Photocopier technology, in particular color photocopier technology, has advanced to the point that highly accurate copies of an original color document can be produced. Such accurate color document reproduction capabilities have brought about the potential for illicit photocopying of valuable color documents such as currency, stock and bond certificates, bank notes, and other negotiable instruments, etc.

Various methods have been developed to make such valuable documents resistant to photocopying. Some known methods involve the use of a special ink composition; a particular printed pattern; minute gradations in the thickness of the printed image; or some combination of these methods, all of which result in making the document either wholly or partially resistant to photocopying. One such solution is disclosed in U.S. Pat. No. 5,510,199, which describes a method of making a photocopy-resistant document.

Other known solutions focus on providing photocopiers with document rejection capabilities. Typically, these solutions prevent a color copier from reproducing an original document when the copier detects one or more specific landmarks or features on the original document. One such solution is disclosed in U.S. Pat. No. 5,515,451, which describes an image processing system for selectively reproducing documents.

Notwithstanding these known countermeasures, valuable color documents can sometimes be photocopied with enough accuracy to somewhat appear as an original document. Thus, known color photocopiers are provided with a further countermeasure that prints substantially-latent, photocopier-specific information on each output document that is produced. One such color photocopier signature tracking system is discussed in the above-mentioned U.S. Pat. No. 5,515,451.

For example, copier-specific information, in the from of a repeating yellow dot pattern having areas and/or densities that are below the threshold of visual perception, is printed on every output document generated by the photocopier. The use of yellow toner for the dot pattern is preferred because most people are not able to visually detect yellow as well as other colors. Photocopier-specific information can include the photocopier manufacturer, photocopier serial number, photocopier model number, etc. This alphanumeric information can be converted to numeric code, and the numeric code can then be represented as a pattern of dots that are repeated across an output document. For example, Xerox Corporation can be assigned a manufacturer's code of 5010, which can be represented as 001100102. The binary 1's can be represented as the yellow dots and binary 0's can be represented a spaces.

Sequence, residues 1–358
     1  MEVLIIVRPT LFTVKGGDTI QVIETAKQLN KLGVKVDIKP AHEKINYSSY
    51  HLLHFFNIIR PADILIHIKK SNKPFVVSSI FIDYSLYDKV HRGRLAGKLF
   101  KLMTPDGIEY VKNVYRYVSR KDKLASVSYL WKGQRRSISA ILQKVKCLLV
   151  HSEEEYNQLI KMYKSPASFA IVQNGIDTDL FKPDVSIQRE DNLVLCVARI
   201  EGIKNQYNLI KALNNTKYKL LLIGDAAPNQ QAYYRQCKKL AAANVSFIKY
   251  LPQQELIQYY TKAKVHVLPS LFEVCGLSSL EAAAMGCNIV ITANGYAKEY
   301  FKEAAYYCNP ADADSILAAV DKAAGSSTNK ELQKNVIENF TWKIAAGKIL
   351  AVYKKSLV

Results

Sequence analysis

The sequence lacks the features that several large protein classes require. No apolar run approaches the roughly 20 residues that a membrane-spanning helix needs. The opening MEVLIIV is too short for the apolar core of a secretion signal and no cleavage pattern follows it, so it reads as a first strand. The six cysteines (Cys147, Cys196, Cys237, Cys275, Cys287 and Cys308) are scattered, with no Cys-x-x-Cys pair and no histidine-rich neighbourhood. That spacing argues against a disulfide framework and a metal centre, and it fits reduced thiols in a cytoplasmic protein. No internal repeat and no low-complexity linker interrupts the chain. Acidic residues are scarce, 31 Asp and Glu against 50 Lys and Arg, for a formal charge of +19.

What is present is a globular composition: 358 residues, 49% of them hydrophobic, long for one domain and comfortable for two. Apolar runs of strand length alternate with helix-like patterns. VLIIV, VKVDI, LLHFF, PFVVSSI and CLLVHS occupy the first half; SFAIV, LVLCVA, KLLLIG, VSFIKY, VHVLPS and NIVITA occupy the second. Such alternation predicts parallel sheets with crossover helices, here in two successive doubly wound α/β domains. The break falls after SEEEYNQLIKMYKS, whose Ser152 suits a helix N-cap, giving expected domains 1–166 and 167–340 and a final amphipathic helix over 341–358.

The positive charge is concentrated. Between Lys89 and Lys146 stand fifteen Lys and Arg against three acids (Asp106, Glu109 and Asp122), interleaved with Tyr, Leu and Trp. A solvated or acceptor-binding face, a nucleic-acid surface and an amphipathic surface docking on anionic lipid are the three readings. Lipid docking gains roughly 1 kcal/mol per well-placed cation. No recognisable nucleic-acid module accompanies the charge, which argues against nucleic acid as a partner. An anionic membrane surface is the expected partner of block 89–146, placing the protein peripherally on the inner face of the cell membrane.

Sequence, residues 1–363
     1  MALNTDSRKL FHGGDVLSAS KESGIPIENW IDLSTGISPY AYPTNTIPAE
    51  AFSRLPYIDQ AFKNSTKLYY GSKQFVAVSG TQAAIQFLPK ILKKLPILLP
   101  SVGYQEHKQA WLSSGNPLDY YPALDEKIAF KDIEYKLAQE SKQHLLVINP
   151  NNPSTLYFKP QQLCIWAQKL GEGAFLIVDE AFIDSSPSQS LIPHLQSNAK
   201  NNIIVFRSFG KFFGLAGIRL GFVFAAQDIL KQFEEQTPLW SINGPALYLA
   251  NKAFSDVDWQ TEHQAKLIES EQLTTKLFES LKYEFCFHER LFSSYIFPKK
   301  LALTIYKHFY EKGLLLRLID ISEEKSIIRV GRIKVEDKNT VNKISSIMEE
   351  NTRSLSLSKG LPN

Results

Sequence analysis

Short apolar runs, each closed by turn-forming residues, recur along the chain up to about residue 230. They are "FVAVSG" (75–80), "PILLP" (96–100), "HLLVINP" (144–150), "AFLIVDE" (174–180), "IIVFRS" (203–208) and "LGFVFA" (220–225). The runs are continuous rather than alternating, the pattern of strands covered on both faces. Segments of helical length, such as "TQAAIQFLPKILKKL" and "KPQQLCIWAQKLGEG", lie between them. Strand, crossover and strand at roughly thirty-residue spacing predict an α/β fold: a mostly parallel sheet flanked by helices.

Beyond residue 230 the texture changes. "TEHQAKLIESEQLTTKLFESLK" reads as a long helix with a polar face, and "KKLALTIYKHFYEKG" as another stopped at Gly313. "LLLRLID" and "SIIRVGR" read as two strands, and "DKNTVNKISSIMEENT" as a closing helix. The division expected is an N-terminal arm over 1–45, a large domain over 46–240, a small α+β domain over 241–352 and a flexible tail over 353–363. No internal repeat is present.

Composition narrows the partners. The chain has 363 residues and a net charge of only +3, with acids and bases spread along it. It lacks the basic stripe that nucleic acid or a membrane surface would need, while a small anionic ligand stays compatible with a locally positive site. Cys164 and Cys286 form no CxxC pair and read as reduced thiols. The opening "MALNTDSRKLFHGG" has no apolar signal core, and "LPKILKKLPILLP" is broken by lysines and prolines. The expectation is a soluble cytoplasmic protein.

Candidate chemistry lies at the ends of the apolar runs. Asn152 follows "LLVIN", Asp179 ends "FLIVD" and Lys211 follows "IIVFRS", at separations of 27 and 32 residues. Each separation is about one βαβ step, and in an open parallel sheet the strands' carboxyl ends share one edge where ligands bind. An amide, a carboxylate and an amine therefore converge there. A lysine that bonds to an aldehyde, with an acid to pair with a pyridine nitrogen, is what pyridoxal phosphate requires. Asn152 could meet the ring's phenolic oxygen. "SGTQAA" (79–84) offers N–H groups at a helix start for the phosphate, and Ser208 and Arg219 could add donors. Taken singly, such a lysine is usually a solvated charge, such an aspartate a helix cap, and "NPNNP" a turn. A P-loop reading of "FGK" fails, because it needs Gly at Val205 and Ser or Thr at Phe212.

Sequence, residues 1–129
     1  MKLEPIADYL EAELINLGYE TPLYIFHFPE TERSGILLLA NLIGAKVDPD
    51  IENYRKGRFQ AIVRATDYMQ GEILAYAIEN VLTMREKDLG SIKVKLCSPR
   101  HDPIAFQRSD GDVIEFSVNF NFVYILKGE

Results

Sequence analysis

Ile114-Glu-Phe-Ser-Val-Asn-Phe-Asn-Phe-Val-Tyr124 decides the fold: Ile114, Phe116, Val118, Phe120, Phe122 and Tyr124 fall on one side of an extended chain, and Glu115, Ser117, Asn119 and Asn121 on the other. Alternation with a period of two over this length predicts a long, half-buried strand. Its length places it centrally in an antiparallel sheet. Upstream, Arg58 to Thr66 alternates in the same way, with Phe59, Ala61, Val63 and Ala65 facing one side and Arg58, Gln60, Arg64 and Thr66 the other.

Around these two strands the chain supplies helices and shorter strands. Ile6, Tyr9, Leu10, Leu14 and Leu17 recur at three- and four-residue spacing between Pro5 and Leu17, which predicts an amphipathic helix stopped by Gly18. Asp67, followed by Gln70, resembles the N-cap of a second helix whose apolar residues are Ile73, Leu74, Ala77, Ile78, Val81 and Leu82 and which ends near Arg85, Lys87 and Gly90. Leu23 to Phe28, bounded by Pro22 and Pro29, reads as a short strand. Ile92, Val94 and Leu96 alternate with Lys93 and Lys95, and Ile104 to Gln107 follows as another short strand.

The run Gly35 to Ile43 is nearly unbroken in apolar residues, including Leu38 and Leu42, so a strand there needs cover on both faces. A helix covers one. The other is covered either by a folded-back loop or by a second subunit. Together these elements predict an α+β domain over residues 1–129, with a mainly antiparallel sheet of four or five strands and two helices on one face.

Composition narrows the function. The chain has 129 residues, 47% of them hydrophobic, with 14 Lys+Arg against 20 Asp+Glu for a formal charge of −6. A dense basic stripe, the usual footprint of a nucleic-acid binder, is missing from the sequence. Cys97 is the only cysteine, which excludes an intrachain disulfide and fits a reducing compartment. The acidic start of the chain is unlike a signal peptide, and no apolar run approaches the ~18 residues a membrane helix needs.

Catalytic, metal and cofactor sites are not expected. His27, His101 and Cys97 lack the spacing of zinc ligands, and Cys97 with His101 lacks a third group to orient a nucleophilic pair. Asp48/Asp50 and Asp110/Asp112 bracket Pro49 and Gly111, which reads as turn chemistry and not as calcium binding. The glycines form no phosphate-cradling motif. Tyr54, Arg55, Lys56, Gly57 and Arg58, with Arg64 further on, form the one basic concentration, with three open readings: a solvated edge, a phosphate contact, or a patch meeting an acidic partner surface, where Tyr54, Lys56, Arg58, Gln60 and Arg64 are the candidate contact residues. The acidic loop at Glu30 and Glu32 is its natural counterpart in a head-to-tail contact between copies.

FIGS. 1 and 2 show an exemplary output document 10 on which a copied image 12 and latent copier-specific information are printed. The copier-specific information is in the form of repeating blocks of code data 14 that are arrayed across the output document. In this example, one byte of code data forms a single row 16 of the block, and each dot position 18 in the row represents a single bit of a code data byte. The dot pattern for each bit can consist of two yellow pixels in the fast scan direction and one yellow pixel in the slow scan direction. This extremely small yellow dot pattern is below the threshold of visual perception for most people.

Latent copier-specific information can sometimes be detected by viewing the counterfeit document through a blue filter and a magnifier. This maximizes the contrast of the photocopier-signature if the filter is chosen to be the complement of the colored dot pattern. When such a dot pattern is detected, the photocopier-specific information can be decoded and then used by law enforcement agencies to track down counterfeiting perpetrators. However, in the case where the copied image 12 and/or the plain document substrate 10 has a yellow color component, it can be very difficult to detect the yellow dot pattern with conventional methods. That is, this known method of detecting copier-specific information works as long as the background information does not significantly lower the visual contrast of the photocopier signature.

Accordingly, it has been considered desirable to develop a new and improved method and apparatus for detecting photocopier tracking signatures placed on documents produced by color photocopiers, which meets the above-stated needs and overcomes the foregoing difficulties and others while providing better and more advantageous results.

SUMMARY OF THE INVENTION

In accordance with one aspect of the present invention, a method of detecting a latent photocopier tracking signature printed on a document produced by a color photocopier. The method includes generating a plurality of color separations that digitally represent the document wherein each of the plurality of color separations are defined by a plurality of pixel values; generating an output image based on differences between corresponding pixel values of at least two of the plurality of color separations; and displaying the output image to view the photocopier tracking signature.